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LA STAMPA

Immigrant Horror: 25 Killed On Crowded Boat Were Forced To Suffocate Below

Survivors say the boat stranded off the Italian island of Lampedusa had absolutely no room on deck. Bodies of victims were found in the hold below, and showed signs of struggle.

Migrants arriving on island of Lampedusa
Migrants arriving on island of Lampedusa

Worldcrunch NEWS BITES

LAMPEDUSA - The latest horror story off the coast of this tiny Italian island is somehow more awful than the rest. Of the innumerable migrants trying to make the seaward journey from North Africa to Lampedusa, and a hoped-for ticket into Europe, perhaps tens of thousands have died over the past decade. Yet these latest 25 deaths tell the all too familiar tale with a chilling new twist.

The 24 men and one woman were found early Monday in the tiny hold of a boat that had left from Tripoli, Libya, carrying almost 300 immigrants. Authorities believe they died from asphyxiation.

At first, when the Italian Coast Guard rescued the boat 35 miles off of Lampedusa, they found 271 people alive, squeezed one on the top of the other up on deck, with everyone apparently safe. "I checked the hold, to see if there was someone else. Then I saw them. It was terrible," said a member of the rescue team.

How did it happen? Lampedusa doctor Pietro Bartòlo was the first to notice bruises and fractures on many of the bodies. Authorities went on to conclude that the 25 fought to escape from the cramped quarters in which they'd been squeezed.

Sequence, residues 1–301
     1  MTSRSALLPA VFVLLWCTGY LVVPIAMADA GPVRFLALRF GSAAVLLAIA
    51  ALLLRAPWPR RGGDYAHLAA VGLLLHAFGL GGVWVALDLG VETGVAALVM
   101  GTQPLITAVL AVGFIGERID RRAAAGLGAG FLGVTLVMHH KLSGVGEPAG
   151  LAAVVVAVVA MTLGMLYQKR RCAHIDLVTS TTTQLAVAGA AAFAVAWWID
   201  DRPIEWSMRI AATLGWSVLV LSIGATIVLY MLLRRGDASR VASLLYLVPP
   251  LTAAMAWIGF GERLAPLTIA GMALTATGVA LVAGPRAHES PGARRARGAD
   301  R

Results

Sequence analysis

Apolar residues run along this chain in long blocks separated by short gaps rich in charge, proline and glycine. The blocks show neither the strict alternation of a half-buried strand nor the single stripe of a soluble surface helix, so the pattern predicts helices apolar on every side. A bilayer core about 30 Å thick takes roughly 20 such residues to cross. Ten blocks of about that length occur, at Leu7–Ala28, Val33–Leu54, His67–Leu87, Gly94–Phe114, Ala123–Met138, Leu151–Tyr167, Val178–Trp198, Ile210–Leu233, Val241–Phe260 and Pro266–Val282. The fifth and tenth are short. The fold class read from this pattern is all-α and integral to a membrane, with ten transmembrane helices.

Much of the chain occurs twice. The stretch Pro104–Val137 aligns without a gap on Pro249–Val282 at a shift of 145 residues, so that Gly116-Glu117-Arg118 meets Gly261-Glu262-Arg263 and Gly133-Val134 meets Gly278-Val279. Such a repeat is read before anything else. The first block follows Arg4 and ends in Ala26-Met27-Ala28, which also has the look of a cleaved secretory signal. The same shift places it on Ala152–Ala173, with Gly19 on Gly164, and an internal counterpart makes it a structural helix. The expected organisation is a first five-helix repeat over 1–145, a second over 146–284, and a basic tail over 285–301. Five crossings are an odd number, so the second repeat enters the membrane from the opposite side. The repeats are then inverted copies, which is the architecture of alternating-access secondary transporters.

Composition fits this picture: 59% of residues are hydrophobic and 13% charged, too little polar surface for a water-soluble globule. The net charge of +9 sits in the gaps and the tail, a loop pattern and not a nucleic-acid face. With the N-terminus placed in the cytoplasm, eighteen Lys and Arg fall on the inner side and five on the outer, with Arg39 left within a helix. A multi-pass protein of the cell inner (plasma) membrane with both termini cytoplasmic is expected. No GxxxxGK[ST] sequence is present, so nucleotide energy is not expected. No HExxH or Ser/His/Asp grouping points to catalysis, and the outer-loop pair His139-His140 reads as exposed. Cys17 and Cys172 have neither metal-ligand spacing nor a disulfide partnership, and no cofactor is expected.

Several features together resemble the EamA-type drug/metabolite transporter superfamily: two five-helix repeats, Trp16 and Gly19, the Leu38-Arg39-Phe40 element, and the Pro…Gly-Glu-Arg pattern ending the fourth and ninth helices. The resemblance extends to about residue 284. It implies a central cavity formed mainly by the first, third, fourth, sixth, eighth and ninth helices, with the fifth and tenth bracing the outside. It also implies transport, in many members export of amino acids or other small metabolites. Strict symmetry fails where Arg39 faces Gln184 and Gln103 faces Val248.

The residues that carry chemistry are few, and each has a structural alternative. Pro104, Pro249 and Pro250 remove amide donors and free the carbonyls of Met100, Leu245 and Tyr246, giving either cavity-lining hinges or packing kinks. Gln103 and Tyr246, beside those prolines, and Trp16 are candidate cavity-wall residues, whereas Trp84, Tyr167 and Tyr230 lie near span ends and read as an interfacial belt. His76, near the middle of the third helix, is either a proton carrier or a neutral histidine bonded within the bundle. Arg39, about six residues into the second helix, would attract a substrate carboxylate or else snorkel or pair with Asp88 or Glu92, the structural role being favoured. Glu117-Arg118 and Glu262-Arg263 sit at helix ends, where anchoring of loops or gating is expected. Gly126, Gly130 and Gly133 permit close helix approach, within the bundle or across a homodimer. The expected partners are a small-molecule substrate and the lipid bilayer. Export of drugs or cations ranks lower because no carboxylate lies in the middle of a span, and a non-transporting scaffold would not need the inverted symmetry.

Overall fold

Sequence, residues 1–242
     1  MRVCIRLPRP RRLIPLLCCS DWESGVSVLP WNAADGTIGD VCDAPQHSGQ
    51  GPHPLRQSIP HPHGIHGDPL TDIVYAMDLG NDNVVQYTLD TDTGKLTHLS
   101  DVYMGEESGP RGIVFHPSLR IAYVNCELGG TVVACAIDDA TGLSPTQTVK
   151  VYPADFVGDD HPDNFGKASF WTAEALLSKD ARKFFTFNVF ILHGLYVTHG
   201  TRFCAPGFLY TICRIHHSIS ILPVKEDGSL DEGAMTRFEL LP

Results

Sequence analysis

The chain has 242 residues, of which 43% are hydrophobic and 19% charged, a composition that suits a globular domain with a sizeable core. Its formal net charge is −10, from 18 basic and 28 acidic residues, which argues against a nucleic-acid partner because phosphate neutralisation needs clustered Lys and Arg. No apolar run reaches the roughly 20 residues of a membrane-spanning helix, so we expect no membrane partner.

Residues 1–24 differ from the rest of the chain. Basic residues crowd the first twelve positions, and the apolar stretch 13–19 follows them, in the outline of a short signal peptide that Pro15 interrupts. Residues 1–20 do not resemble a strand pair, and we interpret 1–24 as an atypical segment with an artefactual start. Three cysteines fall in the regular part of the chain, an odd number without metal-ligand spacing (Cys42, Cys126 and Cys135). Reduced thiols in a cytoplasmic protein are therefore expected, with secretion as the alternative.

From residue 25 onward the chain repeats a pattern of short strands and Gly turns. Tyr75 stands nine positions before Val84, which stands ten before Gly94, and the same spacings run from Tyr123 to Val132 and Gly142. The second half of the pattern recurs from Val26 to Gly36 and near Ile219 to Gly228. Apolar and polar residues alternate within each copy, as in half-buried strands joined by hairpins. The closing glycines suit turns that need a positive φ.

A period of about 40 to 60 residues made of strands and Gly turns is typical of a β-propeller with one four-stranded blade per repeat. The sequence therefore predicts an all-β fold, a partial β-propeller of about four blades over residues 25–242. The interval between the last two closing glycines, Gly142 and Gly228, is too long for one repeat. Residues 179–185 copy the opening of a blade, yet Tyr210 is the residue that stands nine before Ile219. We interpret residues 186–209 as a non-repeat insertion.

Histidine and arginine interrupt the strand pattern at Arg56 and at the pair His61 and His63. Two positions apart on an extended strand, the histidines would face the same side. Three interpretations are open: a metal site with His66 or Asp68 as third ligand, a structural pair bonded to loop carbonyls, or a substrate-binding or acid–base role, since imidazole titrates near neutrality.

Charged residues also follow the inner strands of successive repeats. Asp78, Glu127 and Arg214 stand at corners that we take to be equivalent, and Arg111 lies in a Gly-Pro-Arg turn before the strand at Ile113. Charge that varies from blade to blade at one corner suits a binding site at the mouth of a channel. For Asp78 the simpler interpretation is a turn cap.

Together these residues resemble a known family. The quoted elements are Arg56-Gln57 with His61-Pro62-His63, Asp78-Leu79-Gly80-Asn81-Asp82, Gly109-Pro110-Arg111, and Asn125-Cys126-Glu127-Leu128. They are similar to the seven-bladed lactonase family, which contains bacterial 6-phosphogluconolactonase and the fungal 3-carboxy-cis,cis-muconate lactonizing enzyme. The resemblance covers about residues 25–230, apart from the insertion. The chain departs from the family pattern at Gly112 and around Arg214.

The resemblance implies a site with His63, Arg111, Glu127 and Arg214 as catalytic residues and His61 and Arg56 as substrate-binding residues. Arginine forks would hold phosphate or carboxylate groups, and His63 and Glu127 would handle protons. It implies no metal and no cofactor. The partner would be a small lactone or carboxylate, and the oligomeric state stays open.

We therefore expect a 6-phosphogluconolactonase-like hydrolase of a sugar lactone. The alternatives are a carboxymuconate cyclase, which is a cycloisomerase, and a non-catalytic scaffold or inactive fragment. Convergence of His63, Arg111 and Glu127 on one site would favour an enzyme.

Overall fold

Survivors have confirmed the sequence of events. "They screamed, banged against the trap-door, begged to get out," says one of the survivors. "But on the deck, there was no room." Another woman survivor, who was carried to the emergency room for dehydration, said there was no alternative. "Where could they have stayed? We were already packed in."

According to Laura Boldrini, spokeswoman for the United Nations High Commissioner for Refugees, the bodies "presented clear signs of violence." Italian prosecutors have opened an investigation.

Drowning, thirst and exposure are typically what claim the most victims when these immigrant boats stall in the sea. Arrivals have spiked after the unrest this year in North Africa. The blog Fortress Europe has tallied 1,674 people who have died or disappeared in the waters between North Africa and Italy in 2011.

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Ideas

How Turkey Can Bring Its Brain Drain Back Home

Turkey heads to the polls next year as it faces its worst economic crisis in decades. Disillusioned by corruption, many young people have already left. However, Turkey's disaffected young expats are still very attached to their country, and could offer the best hope for a new future for the country.

Photo of people on a passenger ferry on the Bosphorus, with Istanbul in the background

Leaving Istanbul?

Bekir Ağırdır*

-Analysis-

ISTANBUL — Turkey goes to the polls next June in crucial national elections. President Recep Tayyip Erdogan is up against several serious challenges, as a dissatisfied electorate faces the worst economic crisis of his two-decade rule. The opposition is polling well, but the traditional media landscape is in the hands of the government and its supporters.

But against this backdrop, many, especially the young, are disillusioned with the country and its entire political system.

Young or old, people from every demographic, cultural group and class who worry about the future of Turkey are looking for something new. Relationships and dialogues between people from different political traditions and backgrounds are increasing. We all constantly feel the country's declining quality of life and worry about the prevalence of crime and lawlessness.

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